After being obsessed with football from a young age, Desiree Ellis played in South Africa’s first women’s international in 1993 (scoring a hat-trick). Three decades on, she has guided Banyana Banyana to a first Women’s Africa Cup of Nations title and to the Women’s World Cup second round for the first time.
I’m really looking forward to Sunday’s Women’s World Cup final and, as another female coach, I’m supporting England and their coach Sarina Wiegman.
That is because she is raising the hopes of all women out there.
There were 12 female coaches for the 32 teams at this World Cup and I was delighted to be one of the three who managed to reach the knockout stage, even if both Hege Riise’s Norway and my South Africa side went out in the last 16.
I think what Sarina has done is incredible – to get two European Championship titles, with the Netherlands (in 2017) and England (in 2022), and to two Women’s World Cup finals is just absolutely amazing.
This is the big one, of course – wanting to win the World Cup, especially after having come so close in 2019 when her Dutch side were beaten by the United States.
Whatever happens on Sunday, she has already achieved so much. And for us women, she has shown that if given the opportunity and support we can do really well, so I’m definitely supporting her.
Given she has been involved in so many finals now, I think Sarina may well be the calmer of the two coaches, especially since this is Spain’s first final. Hopefully the emotions will not get to their coach, Jorge Vilda, but he is very experienced and, with the team having got so far, they will be up for it.
Where the final will be won and lost
The way that both Sarina and Jorge set up on Sunday will be key.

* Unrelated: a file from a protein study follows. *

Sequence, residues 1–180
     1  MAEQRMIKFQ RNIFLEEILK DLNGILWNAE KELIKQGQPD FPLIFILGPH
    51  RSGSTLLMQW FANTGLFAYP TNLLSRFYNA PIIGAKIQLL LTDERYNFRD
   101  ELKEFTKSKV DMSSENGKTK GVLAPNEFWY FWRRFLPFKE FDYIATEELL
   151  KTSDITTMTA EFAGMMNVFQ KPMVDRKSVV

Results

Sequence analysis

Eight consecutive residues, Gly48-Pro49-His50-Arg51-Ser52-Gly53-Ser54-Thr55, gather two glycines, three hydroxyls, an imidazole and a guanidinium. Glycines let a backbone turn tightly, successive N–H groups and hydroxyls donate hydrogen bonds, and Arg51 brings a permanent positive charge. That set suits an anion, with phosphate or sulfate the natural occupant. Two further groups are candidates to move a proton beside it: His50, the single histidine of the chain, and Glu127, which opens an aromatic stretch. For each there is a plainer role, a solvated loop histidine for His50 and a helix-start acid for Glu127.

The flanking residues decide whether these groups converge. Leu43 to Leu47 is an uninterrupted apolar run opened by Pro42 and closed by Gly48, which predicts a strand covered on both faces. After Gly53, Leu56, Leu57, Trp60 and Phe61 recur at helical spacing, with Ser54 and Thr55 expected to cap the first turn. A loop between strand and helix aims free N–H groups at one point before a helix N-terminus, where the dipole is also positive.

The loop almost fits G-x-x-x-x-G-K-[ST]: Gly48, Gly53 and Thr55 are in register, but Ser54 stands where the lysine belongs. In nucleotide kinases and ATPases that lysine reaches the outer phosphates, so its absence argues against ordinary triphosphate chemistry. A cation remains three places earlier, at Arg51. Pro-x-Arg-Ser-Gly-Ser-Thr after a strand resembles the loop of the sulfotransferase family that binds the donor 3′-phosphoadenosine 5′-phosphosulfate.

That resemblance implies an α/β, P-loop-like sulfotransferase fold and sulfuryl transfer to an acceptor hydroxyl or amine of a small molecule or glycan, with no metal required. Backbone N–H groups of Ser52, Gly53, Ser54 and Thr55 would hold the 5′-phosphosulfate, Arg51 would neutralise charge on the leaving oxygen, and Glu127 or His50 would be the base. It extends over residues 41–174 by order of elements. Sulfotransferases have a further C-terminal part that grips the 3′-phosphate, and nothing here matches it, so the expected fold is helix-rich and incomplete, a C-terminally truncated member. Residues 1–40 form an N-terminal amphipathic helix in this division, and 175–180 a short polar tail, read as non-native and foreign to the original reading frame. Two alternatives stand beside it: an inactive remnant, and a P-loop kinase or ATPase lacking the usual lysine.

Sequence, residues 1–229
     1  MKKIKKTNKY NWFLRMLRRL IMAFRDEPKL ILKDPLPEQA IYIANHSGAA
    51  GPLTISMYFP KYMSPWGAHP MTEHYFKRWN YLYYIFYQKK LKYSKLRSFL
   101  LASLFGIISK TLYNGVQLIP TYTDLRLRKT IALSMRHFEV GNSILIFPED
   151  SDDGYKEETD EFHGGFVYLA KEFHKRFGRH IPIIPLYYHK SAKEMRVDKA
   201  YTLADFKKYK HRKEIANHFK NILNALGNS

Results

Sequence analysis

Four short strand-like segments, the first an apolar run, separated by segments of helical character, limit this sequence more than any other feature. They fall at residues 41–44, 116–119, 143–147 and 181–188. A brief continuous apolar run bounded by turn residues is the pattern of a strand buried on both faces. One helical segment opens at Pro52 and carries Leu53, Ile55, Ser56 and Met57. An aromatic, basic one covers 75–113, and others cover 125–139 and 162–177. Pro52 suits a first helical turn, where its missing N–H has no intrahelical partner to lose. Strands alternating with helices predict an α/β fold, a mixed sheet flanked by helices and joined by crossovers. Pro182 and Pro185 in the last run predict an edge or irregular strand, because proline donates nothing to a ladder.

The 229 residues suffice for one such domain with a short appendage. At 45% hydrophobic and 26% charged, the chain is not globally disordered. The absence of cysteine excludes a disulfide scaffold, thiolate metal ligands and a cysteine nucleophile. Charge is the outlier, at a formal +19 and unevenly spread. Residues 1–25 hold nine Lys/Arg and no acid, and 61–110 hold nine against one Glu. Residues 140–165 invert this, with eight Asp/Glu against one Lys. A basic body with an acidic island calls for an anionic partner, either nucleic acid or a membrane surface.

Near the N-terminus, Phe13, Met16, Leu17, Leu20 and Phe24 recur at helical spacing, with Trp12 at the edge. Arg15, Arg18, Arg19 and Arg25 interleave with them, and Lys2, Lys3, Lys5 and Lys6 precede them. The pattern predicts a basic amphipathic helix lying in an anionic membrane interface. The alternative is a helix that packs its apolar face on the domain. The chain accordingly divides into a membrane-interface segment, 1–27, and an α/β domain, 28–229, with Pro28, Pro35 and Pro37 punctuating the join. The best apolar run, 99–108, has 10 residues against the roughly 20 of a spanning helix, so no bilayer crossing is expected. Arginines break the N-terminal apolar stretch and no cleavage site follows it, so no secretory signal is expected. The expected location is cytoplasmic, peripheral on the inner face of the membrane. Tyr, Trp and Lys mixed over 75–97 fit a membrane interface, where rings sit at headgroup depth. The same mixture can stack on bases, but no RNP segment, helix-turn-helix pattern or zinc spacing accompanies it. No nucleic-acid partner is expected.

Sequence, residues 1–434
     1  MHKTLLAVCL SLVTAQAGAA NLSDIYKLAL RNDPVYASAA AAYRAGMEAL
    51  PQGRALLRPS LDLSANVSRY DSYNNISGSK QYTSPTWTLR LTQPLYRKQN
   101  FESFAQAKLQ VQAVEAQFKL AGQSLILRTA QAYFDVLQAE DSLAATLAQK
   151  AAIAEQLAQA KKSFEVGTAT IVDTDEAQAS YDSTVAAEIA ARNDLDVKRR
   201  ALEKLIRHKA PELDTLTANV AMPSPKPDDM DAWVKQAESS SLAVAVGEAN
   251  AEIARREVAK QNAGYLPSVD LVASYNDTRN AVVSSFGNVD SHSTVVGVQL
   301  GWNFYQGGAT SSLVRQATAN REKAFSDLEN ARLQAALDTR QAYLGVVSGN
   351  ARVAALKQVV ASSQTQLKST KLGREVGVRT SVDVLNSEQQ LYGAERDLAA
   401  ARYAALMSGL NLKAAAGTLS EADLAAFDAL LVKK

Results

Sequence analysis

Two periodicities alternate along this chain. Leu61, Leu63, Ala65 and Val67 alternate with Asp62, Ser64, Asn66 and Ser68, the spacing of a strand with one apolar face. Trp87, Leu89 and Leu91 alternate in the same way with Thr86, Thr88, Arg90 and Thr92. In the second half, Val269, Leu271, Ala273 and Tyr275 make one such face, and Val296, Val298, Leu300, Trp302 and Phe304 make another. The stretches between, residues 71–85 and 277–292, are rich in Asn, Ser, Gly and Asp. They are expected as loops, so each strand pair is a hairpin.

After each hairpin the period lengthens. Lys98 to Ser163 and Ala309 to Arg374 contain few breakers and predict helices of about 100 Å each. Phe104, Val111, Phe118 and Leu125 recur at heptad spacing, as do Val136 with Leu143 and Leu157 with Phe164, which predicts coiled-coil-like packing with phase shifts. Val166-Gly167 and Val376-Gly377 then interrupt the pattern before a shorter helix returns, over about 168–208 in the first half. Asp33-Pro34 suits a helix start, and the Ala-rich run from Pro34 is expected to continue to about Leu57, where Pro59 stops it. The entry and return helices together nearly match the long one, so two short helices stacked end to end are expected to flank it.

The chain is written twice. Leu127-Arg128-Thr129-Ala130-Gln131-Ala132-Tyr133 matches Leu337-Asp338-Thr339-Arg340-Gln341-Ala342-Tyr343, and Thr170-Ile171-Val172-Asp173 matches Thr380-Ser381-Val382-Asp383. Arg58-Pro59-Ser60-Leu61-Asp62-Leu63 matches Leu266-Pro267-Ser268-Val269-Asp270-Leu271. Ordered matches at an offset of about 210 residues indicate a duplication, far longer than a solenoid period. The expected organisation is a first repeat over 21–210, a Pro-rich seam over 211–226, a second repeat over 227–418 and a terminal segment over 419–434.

In the semi-final, I thought Sweden were very open against Spain and did not play their usual game, thinking they could go head-to-head – but Sarina is much smarter than that. She will be tactically aware that Spain might have a lot of the ball.
Likewise, Jorge will know that he will be up against a solid team and that England up front can hurt his side.
So they will both be very wary and I think how both use their bench could be key.
Both coaches also have big decisions to make regarding whether they field some big-name players in the final.
After Lauren James’ red card against Nigeria ruled her out of both the quarter-final and semi-final, Sarina changed her system and this worked really well.
It is impossible to say whether she will recall James as you never know what coaches think – but she might well stick with her last selection, saying “you don’t change a winning team”.
Jorge, meanwhile, might start again with Ballon d’Or Feminin winner Alexia Putellas, given the experience she brings to the team, having returned for a first start of the tournament in the semi-final after her knee injury.
I think getting these decisions right is going to be crucial for both coaches in regards to how they approach the game.
This Women’s World Cup has been terrific to be part of and with Morocco, Nigeria and ourselves all getting to the knockout stage, this has shown how the game has grown on the continent.
But I think if Africa wants to benefit from this, more still needs to be done.
We need to have more competitions. I think the Confederation of African Football has done fantastically in creating an African Women’s Champions League, but there are still not enough competitions on the continent for national teams and this must improve.
I also think financial support needs to be better, with member associations needing to give more of their resources to women’s football – not just the men’s game. We see a lot of countries withdrawing from competitions for financial reasons and that is really sad.
What is most important though is that the game on the continent needs to be professionalised, because if we want to compete with the rest of the world, and knowing how good they are, that is the only way we will be able to do that.
Desiree Ellis was speaking to BBC Sport Africa’s Celestine Karoney.